Offenders receive job training at Airway Heights
Correctional Industries provides valuable skills for the workplace
Workers in the commissary at Airway Heights Corrections Center fill orders from other prison units across Washington state.
Select offenders at Airway Heights Corrections Center are receiving some invaluable real-world experience during their time at the facility, leading up to their release date.
Correctional Industries blends both business and government in an effort to provide offenders with much-needed workplace skills while also providing state facilities with various items, including furniture, clothing, office furnishings and commissary items.
The Airway Heights Corrections Center is the headquarters for a number of the Correctional Industries operations. Around 22 percent of the offenders in the program are employed at Airway Heights, making it the program’s single largest entity out of the 1,300 offenders working in the state.
The facility houses medium-security offenders, which fits the demographics of the program.
“It has the audience we want to target,” Correctional Industries director Lyle Morse said.
While the operation takes up a large building on the Airway Heights campus, the investment pays off. An estimated $32 is returned to the state for every dollar spent.
“We don’t focus on the profits, we focus on the benefit for the offender,” general manager at Airway Heights Jim Parker said.
That said, the taxpayers, according to Morse, don’t fund the program. Instead, items are sold to state facilities, like jails, universities and other operations, at a price that makes up for the labor and cost of equipment.
“It sells on a business model to replenish the fund,” he said.
Offenders working with Correctional Industries earn anywhere from 55 cents to $1.60 per hour, with lead workers earning $1.30 to $1.60 an hour. The program is tier-based, and requires workers to have a high school diploma, GED or be working toward one.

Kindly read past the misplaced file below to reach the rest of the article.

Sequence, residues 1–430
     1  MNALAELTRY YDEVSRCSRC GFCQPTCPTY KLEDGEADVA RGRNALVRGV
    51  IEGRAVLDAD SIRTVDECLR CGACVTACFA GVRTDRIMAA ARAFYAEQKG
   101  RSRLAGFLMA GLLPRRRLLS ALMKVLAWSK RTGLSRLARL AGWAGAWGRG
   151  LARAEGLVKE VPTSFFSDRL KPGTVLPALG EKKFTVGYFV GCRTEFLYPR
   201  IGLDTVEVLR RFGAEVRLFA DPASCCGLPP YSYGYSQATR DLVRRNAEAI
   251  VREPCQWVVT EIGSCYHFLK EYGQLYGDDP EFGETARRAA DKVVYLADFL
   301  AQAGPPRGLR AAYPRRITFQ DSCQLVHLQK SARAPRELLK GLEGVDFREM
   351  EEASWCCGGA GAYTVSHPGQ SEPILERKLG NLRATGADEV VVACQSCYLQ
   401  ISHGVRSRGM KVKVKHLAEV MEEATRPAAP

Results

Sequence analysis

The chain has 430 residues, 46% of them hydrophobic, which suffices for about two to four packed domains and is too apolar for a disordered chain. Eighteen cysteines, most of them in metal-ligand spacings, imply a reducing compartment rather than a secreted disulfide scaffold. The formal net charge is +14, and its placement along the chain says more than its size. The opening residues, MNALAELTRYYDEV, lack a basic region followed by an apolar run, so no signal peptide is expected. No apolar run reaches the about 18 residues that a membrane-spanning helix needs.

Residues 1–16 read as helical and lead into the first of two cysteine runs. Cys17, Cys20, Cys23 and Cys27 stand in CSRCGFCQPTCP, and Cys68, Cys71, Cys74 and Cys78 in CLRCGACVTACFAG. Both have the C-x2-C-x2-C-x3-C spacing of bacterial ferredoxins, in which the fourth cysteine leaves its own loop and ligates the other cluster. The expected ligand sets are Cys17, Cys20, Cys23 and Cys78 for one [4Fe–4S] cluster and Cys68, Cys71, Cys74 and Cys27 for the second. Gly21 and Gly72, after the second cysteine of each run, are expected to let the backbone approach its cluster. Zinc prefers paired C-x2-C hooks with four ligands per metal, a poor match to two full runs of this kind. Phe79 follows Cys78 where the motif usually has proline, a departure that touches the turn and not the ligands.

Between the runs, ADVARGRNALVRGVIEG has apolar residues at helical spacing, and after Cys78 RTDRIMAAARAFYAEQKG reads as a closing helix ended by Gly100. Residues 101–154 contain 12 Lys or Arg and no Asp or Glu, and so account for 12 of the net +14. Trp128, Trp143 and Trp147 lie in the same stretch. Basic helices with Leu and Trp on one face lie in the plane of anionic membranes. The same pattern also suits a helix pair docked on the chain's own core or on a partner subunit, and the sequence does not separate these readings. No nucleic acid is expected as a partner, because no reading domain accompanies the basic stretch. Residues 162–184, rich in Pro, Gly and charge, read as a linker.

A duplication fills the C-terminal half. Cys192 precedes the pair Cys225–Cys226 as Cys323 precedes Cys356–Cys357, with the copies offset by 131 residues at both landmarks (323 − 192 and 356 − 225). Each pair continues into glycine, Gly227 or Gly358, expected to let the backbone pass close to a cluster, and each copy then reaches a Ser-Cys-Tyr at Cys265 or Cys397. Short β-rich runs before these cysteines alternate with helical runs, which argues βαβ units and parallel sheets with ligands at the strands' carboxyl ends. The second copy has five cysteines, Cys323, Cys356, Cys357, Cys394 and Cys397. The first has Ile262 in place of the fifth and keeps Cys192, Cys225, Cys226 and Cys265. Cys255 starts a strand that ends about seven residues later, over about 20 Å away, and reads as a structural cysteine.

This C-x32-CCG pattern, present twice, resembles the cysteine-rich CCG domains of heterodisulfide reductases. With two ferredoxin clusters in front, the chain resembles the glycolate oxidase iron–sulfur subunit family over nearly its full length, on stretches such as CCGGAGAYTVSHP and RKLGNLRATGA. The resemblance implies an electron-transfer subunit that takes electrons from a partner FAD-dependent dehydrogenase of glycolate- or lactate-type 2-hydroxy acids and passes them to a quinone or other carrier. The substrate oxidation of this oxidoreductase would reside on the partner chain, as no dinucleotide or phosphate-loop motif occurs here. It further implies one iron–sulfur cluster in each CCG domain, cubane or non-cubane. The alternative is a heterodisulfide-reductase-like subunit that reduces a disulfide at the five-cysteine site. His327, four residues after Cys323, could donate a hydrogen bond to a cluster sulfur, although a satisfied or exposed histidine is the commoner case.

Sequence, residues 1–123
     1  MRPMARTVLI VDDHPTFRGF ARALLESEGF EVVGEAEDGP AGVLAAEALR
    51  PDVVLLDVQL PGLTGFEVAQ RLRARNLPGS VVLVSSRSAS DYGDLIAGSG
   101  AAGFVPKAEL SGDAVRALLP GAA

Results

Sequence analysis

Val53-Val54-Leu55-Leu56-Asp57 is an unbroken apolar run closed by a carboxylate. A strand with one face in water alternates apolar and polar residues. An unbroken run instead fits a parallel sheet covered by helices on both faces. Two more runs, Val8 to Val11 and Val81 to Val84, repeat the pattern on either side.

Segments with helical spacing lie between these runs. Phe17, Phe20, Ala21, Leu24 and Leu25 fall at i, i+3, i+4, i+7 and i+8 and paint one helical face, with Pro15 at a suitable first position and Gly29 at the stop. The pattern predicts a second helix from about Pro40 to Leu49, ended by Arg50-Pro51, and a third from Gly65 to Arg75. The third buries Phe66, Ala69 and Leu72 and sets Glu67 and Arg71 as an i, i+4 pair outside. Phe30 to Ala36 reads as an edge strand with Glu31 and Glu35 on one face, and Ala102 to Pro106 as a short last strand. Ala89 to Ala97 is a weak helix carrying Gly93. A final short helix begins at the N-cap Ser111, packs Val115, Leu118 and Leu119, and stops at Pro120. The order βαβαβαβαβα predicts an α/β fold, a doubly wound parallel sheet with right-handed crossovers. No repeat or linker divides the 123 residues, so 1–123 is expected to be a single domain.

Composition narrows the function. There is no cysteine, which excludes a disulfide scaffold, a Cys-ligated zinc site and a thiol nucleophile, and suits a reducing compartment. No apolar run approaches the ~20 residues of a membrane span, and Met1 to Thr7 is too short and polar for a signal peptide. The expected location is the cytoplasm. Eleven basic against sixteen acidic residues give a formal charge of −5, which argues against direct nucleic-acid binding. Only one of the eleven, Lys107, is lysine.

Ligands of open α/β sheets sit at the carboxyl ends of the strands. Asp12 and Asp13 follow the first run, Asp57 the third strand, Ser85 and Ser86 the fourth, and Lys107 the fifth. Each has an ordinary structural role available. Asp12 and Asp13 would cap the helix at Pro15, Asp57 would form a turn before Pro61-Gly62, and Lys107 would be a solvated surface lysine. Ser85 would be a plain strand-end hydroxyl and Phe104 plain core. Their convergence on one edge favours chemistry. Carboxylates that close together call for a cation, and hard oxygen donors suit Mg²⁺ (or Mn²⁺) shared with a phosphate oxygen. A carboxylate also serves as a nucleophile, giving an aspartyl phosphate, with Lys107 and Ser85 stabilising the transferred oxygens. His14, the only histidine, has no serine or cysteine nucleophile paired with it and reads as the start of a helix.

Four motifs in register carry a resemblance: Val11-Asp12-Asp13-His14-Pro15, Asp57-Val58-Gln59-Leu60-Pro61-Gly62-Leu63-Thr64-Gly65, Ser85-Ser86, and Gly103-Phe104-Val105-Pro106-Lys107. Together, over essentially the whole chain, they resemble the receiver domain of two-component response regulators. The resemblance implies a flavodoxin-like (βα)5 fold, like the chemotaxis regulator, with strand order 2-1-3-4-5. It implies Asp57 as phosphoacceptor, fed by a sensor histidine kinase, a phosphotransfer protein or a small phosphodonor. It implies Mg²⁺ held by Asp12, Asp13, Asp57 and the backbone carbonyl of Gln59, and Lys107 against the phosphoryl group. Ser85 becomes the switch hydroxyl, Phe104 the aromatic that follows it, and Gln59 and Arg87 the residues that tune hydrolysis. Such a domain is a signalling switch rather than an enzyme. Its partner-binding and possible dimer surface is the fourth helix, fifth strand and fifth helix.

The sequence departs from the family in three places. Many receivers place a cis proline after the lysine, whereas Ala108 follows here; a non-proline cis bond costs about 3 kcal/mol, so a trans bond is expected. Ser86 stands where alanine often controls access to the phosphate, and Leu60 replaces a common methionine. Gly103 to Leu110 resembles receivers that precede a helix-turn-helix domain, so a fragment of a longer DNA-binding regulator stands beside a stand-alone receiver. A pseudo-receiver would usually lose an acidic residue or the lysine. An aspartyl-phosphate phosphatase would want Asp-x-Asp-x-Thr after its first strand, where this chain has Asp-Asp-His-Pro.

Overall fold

When they arrive in the facility, around 80 percent of the population was unemployed, and 50 percent were never employed.
Not all offenders are employed by Correctional Industries while at the facility, as it’s a voluntary situation. Working, however, does have its benefits.
One of the larger parts of the operation at Airway Heights is the commissary, where offenders are able to place orders for hygiene, food and other items.
Offenders are able to spend some of their earnings on the higher quality items coming from the commissary. There are around 350 items on the commissary list from which offenders can order.
“Prisoners have a debt when they leave, based on how many indigent items are purchased,” Morse said.
Those offenders who have earned some funds don’t have those debts, and are even able to pay for a first month’s rent when they leave, in addition to helping their families.
Approximately 4,000 orders come from Monroe Correctional Complex.
Offenders take items from bins strategically placed along a supply line, organized by item type, weight and order frequency. One order is filled in around 20 to 30 seconds from several workers placed down the line. Hygiene items are placed throughout the line, as they are ordered on a regular basis. Scattering them helps to speed up order fulfillment, Morse said.
Operations at Correctional Industries were consolidated earlier this year from running separately at facilities across the state to having a more streamlined operation. The result has been a drastic drop from 29 grievances from January to June and only 10 grievances from July through November.
Before the consolidation, only one unit’s order per week could be filled at the Airway Heights commissary. Today, the 31 employed offenders are able to fill six units’ orders each day.
“Our biggest product is the offender that gets released,” Parker said.
James Eik can be reached at firstname.lastname@example.org.